Every American on Corregidor was a hero, but what singles out Corporal William N. McCormack, a husky Marine from Aransas Pass, Texas, from the rest of them is his combat record unequalled by any other American. During a 30-day period he was cited for “gallantry in action” and awarded four separate Silver Stars-the nation’s third highest combat decoration. By any standards, McCormack’s heroism in combat should have brought him (and probably would have in later years in the war) the Medal of Honor.
McCormack’s great adventure began on a hot, humid morning in early May, 1942. That was the day when Corregidor, the “Gibraltar of Asia,” crumbled under a Japanese attack backed by 300,000 of the Emperor’s toughest troops. That was the day a rocky symbol of resistance and courage dissolved into a smoking myth and stunned a nation. But Corregidor is still a symbol of valor to the U.S. Marine Corps, a reminder of the fighting men of the misbegotten Fourth Marines-battalions made up of leathernecks, sailors without ships, airmen without planes, soldiers without regiments and the rest of the military flotsam and jetsom of the Bataan debacle.
A lot had happened in six months to Bill McCormack and his buddies. McCormack was one of the younger noncoms in the regiment that guarded Shanghai’s International Settlement. The older noncoms were tough, leathery faced and grizzled veterans who had fought at Belleau Wood and Chateau Thierry during World War 1. The senior officers had seen their share of combat service in France and later in the Caribbean. The Fourth Marines was a regiment proud in tradition and composed of professional soldiers to the last man.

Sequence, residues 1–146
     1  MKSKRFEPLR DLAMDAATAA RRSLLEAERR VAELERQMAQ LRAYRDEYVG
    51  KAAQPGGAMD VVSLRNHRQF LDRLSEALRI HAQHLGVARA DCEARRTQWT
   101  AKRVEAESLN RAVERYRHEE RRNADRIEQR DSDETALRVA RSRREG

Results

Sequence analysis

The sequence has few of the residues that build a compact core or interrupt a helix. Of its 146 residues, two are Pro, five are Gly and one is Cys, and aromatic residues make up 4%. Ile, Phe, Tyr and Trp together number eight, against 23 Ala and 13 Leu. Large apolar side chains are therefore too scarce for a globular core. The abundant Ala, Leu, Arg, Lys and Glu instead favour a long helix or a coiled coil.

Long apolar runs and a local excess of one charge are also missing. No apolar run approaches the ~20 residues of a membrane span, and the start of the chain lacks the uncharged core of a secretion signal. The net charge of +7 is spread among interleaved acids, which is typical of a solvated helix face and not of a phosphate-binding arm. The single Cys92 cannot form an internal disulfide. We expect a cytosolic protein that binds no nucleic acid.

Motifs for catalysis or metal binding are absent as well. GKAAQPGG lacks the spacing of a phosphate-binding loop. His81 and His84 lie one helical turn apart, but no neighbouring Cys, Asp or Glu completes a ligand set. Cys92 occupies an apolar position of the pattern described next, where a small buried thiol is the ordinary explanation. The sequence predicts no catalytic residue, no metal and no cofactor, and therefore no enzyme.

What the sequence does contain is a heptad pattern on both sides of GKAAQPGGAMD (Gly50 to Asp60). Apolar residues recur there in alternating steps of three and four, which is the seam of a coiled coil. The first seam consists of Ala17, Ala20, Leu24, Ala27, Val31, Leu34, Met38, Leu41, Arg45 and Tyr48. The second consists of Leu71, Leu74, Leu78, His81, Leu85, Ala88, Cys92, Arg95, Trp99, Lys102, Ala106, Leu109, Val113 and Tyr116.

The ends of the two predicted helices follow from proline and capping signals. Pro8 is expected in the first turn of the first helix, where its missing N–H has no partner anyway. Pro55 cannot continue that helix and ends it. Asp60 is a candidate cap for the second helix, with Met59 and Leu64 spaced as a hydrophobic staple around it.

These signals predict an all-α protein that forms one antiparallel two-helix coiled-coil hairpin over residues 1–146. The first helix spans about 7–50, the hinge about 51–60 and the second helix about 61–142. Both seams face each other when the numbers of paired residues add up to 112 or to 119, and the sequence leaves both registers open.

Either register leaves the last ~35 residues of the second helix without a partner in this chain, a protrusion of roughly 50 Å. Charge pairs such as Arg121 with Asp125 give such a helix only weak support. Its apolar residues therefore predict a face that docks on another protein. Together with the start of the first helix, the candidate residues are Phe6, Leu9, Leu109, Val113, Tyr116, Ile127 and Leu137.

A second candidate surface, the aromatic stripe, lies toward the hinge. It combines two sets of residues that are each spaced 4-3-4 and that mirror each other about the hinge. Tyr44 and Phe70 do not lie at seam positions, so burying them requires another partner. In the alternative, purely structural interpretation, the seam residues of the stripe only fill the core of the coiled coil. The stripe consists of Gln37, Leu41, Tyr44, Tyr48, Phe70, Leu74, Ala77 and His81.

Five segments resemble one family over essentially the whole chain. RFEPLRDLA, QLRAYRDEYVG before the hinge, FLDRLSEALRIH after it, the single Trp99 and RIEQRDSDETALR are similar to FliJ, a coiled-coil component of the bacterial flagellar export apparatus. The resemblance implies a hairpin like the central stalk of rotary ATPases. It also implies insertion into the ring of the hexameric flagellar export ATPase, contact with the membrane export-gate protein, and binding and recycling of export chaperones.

McCormack joked with his buddies as they marched jauntily down Bubbling Wall Road to the Shanghai docks on a cloudy late November afternoon in 1941.
“Hey Bill,” one of the Marines in his squad called to him to him, “who’s gonna take care of my gal?”
“Don’t worry about her, Mac,” the Marine noncom drawled with a chuckle. “She had an hombre looking out for her before you came and she’ll find another one after you’ve gone.”
The men in Headquarters Company’s first platoon laughed loudly without breaking their even cadence as they turned onto the dock toward the gangplank leading to third class quarters on the luxury liner S.S. President Harrison.
Nine days later they landed at Longapo in the Philippines. On the tenth day, in the early dawn of December 8, their first day in the islands, 1,600 Marines were turned to by a bugle sounding the unfamiliar call to arms instead of usual blast of reveille. The U.S. was at War with Japan.
During the next 18 days regimental commanding officer Colonel Samuel L. Howard, affectionately referred to as Colonel Sam by the “China Marines,” chased in his staff car between his headquarters at the Cavite naval base and Army headquarters in Manila pleading for a chance to use his regiment on the Luzon front. General MacArthur’s headquarters gave no reply to Colonel Sam’s frequent requests. The general was feuding with the Navy’s Far East Fleet commander. And when the general was down on a man, everyone connected with that person suffered.